Welcome to another edition of America’s Best Racing’s Main Track. Each week in this space we spotlight the most meaningful story of the past seven days, detailing a story that stands out because of its importance or perhaps the emotional response it generates.
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This week’s story involves one of the year’s best horses who will be skipping the World Championships next month at Churchill Downs for logical reasons.
While most of the equine stars who race in October are prepping for the Breeders’ Cup, there are exceptions, such as the captivating 3-year-old filly who raced last Saturday at Keeneland.
Though Rushing Fall will not be competing in the Breeders’ Cup, there’s no denying the turf sensation was one of the more exciting performers in 2018.
Her victory last weekend in the Grade 1 Queen Elizabeth II Challenge Cup presented by Lane's End certainly illustrated her class and quality as she showed a new dimension by winning in gate-to-wire fashion. A heavy 2-5 favorite, she repelled a serious bid at the top of the stretch and edged away under jockey Javier Castellano to record a 1 ¼-length victory over French invader Mission Impassible for her sixth victory in seven career starts for trainer Chad Brown and owner e Five Racing Thoroughbreds.
“Before the race Chad said there was no speed in the race and he was going to send her to the front. Javier said the same thing,” said owner Bob Edwards, who races under the e Five banner. “She responded great. Before (Mission Impassible) came to her, she was looking around for a target. It was uncharted territory for her being on the lead from the start. But when the other filly looked her in the eye, Javier didn’t ask for much. Nevertheless, she took off and she had that second kick. By the time we got to the winner’s circle, she wasn’t even blowing. It was remarkable.”
While the Queen Elizabeth II was Rushing Fall’s sixth career victory, and second triumph in a Grade 1 stakes, the 2017 Breeders’ Cup Juvenile Fillies Turf winner is also just a neck loss in the Edgewood Stakes shy of sporting an undefeated record.
Normally numbers like that would be enough to book a ticket for a Breeders’ Cup turf stakes, but that’s not the case with Rushing Fall – at least this year it isn’t.
For starters, the mile-and-an-eighth Queen Elizabeth II was the longest race of Rushing Fall’s brief career, and Edwards said the mile-and-three-eighths distance of the Breeders’ Cup Filly and Mare Turf was “out of her wheelhouse.” There’s also the relatively short three-week turnaround for the World Championships.
An article posted Sunday in the Thoroughbred Daily News made a case for running Rushing Fall on Nov. 3 in the Breeders’ Cup Mile against males and older horses, but on Monday Edwards said he’s inclined to give the daughter of More Than Ready the rest of the year off to prepare her for a vigorous 2019 campaign.
“The goal is to keep her healthy and happy. I have to talk it over with Chad, but we’ll probably give her 45 days off at Stonestreet Farm and then point to the Jenny Wiley (in April at Keeneland) as the next major target,” Edwards said. “I don’t see any benefit to running her again this year. She owes us nothing. She’s won six out of seven races and I don’t know if she knows that she’s lost a race because the other filly was so far away from her. I know TDN would love to see us to run against the boys, and it sounds great, but if she’s as good as a 4-year-old as she is as a 3-year-old, I will have no problem running against boys. I don’t want to break her spirit now. The sky’s the limit for her but that’s a tough ask to tackle the boys at 3. It’s more of a level playing field when she’s a full-grown filly.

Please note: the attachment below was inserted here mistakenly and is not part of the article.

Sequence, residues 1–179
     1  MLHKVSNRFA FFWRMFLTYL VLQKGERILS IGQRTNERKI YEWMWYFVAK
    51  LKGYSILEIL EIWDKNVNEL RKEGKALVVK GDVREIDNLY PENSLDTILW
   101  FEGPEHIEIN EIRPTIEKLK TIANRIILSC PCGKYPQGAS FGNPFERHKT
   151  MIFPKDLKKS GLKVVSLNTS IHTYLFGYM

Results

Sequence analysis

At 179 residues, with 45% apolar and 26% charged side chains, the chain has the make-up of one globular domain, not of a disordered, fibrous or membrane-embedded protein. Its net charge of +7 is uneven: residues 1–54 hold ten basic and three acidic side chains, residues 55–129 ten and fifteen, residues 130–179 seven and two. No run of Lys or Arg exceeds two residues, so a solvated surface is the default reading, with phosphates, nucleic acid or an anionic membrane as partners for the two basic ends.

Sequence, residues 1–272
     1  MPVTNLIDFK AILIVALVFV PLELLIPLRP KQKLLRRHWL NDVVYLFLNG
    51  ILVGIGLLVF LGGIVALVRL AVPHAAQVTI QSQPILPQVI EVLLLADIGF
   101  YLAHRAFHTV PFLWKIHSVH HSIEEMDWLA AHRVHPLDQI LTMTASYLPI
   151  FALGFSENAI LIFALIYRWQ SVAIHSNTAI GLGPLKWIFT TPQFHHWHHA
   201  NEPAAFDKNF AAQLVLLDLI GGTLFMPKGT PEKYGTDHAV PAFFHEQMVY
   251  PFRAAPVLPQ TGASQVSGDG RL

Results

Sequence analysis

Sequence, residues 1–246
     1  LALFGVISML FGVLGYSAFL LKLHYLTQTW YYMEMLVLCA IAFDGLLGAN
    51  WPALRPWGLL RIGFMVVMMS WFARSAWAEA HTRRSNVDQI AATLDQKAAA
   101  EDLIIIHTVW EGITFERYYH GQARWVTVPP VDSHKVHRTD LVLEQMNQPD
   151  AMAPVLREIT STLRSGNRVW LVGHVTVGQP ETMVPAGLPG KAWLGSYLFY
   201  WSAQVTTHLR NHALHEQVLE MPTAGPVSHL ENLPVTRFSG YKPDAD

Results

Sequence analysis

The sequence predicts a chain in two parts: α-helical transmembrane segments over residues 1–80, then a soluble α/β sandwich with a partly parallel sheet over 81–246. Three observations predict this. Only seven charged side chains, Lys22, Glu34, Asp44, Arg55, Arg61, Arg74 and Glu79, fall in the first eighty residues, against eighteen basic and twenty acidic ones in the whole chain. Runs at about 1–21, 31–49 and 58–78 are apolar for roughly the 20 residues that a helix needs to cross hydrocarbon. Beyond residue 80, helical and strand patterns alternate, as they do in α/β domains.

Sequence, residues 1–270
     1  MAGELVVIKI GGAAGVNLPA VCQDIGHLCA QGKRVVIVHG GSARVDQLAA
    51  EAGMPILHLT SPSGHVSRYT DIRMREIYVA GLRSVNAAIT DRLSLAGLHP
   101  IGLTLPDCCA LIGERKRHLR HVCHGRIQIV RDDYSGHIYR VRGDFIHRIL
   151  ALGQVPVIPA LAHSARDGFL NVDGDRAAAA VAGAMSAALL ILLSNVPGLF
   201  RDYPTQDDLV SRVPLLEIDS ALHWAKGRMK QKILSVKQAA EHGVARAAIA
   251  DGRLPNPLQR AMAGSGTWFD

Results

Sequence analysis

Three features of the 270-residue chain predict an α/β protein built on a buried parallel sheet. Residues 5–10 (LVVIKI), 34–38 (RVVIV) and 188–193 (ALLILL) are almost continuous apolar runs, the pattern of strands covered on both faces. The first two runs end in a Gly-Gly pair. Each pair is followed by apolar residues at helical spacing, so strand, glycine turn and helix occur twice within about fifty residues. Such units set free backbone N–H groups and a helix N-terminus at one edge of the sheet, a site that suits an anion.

“That’s why I think we’ll be a little more conservative with her and prep her for a 4-year-old season. We all know what a phenomenal job Chad does with 4-year-old fillies.”
As successful as Rushing Fall has been in 2018, she had numerous obstacles to overcome.
She opened the year with a win in the Appalachian at Keeneland but then suffered her first defeat in the Edgewood Stakes on May 4 at Churchill Downs when she fended off a tough stretch bid by Daddy Is a Legend but settled for a runner-up finish when she could not hold off a late bid in the center of the track from Toinette.
Even after the loss, Edwards considered running Rushing Fall at Royal Ascot in the Coronation Cup but some minor setbacks kept her out of that race in England as well as the Belmont Oaks in New York. A fever delayed her comeback until Aug. 18 in the Grade 2 Lake Placid at Saratoga, when she reverted to top form and won by 2 ¾ lengths.
The Queen Elizabeth II followed and served as an indication of just how good she can be if she takes another step forward at 4. Edwards didn’t mind missing the Coronation Cup after watching the now-retired Alpha Centauri romp by six lengths in the Group 1 stakes. Yet if everything goes according to plan in 2019, even though Edwards has been known to enjoy days at the races in a baseball cap, shorts and flip-flops, he wouldn’t mind donning a morning suit and top hat to watch his brilliant filly compete against top-level international competition at Europe’s premier meet.
“Running at Royal Ascot was the plan for last year,” he said. “Chad nominated her for the Coronation Cup, which isn’t his M.O. When the time comes next year, if she looks like she belongs, it’s hard to turn down a chance to run there. How can you say no? I’d love to take Chad to my tailor and get him suited up for Royal Ascot.”
Chad Brown in a morning suit and top hat? Add the thought of that photo to all of the exciting possibilities wrapped into a 2019 campaign for Rushing Fall and it’s easy to see why some horsemen, like baseball players, are saying “wait ‘til next year” in October.
The Also-Eligible List
Here are some of the other noteworthy stories that made for a lively week in the U.S. Thoroughbred racing industry: